in Melbourne, FL
What Are Dental Implants?
A dental implant is an artificial tooth root placed into your jaw to hold a replacement crown or bridge in place. When teeth are missing, the surrounding bone starts to shrink and your jawbone will eventually recede. In order to prevent this from occurring, patients receive an implant. Dental restorations, such as implants, look and feel so natural, that you won’t even know you lost a tooth. Once you have your replacement tooth, you will feel the confidence to show your smile again.
Dental Implant Candidates
Loss of bone density and volume in the past, has prevented the use of implants. Due to advances in dental technology, many patients now qualify to receive a dental implant. Candidates can receive a bone graft before an implant which will ensure the implant is secure in the jaw. They must take proper care of their teeth including brushing, flossing, and scheduling regular cleanings to be considered for this procedure.
Children are not typically candidates for implants since their teeth have not fully matured. Additionally, patients with underlying conditions such as diabetes and osteoporosis will need to be in good overall medical health before proceeding with implants. Dr. Brown will be able to determine if you are a candidate during your visit to Implant Dentistry of Florida.
What Our Patients Have to Say
“Dr. Brown and his staff are great to work with. Everyone is friendly and very helpful and answer the phone when you call. They have the latest equipment and can do same visit crowns. I would recommend them to anyone.” -Liz
Types of Dental Implants
Dental implants are the single most significant advancement in dentistry in the last 50 year. Stable, comfortable and natural looking and feeling artificial replacements can now replace missing teeth. There are many applications for the use of dental implants including replacing single or multiple teeth. Additionally, if patients have dentures they can be permanently anchored by implants.
- Single Tooth Replacement
- Multiple Tooth Replacement
- Full Denture Support
Benefits of Implant Dentistry
Dental implants are regarded as the best solution to missing teeth. Since dental implants integrate into the structure of your bone, they can prevent bone loss and gum recession that often accompanies bridgework and dentures. More of your own teeth are left untouched, which is an important benefit for your long-term oral health. In addition, dental implants can be beneficial for:
- Enhanced esthetics
- Preservation of adjacent teeth
- Easier eating
- Prevent bone loss
- Appear like normal teeth
- Prevent decay
Risks of Dental Implants
Like all surgical procedures, dental implant surgery does pose a few risks. Complications are rare and, if they do occur, are typically minor and treatable. Risks include:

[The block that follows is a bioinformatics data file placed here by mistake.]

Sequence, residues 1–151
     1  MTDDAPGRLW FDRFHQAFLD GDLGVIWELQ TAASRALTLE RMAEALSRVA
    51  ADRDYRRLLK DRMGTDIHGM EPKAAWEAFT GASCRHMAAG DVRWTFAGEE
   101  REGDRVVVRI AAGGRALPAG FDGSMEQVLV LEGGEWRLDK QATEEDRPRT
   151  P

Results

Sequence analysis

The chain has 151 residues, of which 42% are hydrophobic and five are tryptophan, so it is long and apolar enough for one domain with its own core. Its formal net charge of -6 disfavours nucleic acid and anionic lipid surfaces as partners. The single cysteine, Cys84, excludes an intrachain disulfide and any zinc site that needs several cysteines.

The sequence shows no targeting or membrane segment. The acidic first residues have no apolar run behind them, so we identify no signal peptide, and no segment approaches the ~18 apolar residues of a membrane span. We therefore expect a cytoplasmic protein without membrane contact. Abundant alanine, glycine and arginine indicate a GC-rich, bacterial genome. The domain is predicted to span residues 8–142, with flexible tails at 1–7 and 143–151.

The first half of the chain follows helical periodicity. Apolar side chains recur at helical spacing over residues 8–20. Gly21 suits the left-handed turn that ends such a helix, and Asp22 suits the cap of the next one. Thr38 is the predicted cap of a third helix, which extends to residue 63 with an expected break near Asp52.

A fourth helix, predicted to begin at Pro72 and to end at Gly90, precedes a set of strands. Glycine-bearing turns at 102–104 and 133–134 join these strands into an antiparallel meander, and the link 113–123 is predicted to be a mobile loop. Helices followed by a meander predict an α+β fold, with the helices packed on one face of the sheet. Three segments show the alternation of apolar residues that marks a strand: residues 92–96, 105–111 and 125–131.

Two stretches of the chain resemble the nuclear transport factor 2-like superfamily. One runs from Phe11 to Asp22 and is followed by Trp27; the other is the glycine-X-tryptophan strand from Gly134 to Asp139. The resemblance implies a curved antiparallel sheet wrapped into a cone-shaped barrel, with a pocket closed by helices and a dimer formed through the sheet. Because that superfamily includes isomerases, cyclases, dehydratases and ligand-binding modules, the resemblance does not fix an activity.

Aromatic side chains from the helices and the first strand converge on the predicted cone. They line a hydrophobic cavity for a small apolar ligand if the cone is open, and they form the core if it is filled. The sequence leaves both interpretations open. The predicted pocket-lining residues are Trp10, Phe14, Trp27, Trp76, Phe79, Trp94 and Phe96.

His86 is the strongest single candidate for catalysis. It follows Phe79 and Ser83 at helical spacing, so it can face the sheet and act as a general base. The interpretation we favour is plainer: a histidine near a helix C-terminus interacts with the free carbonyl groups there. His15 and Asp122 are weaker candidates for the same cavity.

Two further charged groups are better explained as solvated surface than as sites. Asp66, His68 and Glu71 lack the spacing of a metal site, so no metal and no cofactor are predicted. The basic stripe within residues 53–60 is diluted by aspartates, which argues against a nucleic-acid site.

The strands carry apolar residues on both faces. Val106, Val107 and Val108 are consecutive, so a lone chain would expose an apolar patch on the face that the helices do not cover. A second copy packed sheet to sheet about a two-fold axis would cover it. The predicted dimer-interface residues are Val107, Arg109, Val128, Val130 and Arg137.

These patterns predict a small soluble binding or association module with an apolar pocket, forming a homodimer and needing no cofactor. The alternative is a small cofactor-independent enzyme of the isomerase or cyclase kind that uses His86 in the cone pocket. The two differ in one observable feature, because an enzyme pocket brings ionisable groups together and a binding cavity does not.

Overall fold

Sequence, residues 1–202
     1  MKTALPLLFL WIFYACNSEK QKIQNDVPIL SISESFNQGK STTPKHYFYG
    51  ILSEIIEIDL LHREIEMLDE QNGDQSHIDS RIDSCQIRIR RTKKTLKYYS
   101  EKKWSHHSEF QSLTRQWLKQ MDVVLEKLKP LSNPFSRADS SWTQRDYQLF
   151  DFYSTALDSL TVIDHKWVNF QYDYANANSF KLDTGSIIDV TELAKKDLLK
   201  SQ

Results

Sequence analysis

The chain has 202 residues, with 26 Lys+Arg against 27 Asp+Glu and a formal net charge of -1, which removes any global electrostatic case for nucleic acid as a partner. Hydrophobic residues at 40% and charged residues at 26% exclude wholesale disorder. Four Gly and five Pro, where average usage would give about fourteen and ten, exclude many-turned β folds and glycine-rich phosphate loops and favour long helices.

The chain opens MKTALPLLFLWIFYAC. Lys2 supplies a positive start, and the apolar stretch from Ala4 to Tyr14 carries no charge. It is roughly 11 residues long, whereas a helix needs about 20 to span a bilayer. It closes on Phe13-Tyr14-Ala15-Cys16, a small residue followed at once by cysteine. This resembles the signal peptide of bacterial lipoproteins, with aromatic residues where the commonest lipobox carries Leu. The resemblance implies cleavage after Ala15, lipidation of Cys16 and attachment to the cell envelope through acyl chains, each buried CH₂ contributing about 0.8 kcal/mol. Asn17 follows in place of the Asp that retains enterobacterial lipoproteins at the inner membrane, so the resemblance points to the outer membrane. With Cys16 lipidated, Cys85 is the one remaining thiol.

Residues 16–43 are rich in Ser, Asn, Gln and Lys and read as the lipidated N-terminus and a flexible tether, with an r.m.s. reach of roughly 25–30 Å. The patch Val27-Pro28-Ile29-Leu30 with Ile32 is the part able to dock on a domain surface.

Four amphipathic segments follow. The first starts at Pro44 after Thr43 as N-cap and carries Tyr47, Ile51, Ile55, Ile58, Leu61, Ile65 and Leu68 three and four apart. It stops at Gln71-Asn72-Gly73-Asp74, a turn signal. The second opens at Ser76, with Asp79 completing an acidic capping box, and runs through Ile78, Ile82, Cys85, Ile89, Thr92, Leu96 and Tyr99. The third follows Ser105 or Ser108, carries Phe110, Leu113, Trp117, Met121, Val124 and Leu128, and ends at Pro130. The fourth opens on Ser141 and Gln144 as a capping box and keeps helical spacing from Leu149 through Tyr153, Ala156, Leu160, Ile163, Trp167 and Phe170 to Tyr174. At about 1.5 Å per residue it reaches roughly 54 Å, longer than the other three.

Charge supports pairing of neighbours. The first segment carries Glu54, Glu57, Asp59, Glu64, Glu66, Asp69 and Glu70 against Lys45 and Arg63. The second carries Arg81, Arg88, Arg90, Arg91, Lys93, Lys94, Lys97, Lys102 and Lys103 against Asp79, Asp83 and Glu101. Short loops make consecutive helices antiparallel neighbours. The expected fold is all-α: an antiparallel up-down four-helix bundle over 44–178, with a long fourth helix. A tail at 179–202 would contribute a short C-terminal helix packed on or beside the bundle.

- Sinus problems caused by the insertion of an implant in the upper jaw
- Nerve damage that causes tingling or numbness in teeth, the lips, gums, or chin
- Injury to blood vessels or surrounding teeth.
Single Tooth Replacement
Traditionally, when a tooth was lost, a fixed bridge was the treatment of choice. With a fixed bridge, the teeth on each side of the missing tooth receive crowns. The missing tooth is connected to the crowns and the fixed bridge is cemented to place. Dental implants now allow you to replace the missing tooth without the need to prepare any other teeth. The implant replaces the missing natural tooth root and the replacement tooth is attached to the implant.
Multiple Tooth Replacement
When many teeth were missing, a partial denture was traditionally the treatment option for patients. Partial dentures are removable and clasp around some remaining teeth. This is often an uncomfortable option. Instead, dental implants can provide a solid foundation for fixed teeth to provide a strong and comfortable alternative.
Full Denture Support
Over 40 million Americans require and suffer with full dentures. Denture adhesives are a billion dollar a year industry trying to solve the problem of loose and slipping dentures. Dental implants can provide a solid foundation to replace loose dentures with teeth that are solid and comfortable, restoring lost confidence.
Dental Implants & Bridges Photos
Upper and lower dental bridges on dental implants after images.
What Are Dental Implants Made Of?
Dental implants are typically made from Titanium. This is a very strong metal that is fully biocompatible, meaning that it will not be rejected by your body. The surface of the titanium form an oxide, called titanium oxide. This material will bond directly to the bone in a process called osseointegration. Some dental implants have different surface coatings, such as calcium ions or fluoride ions, which are designed to increase the speed of osseointegration. Regardless of the surface coating, all dental implants, properly placed, will integrate into the bone. There are some dental implants made from Zirconia. While Zirconia is white in color, it is still a transitional metal. While Zirconia is strong, it is not as strong or as versatile as titanium.
Do Dental Implants Require Sedation?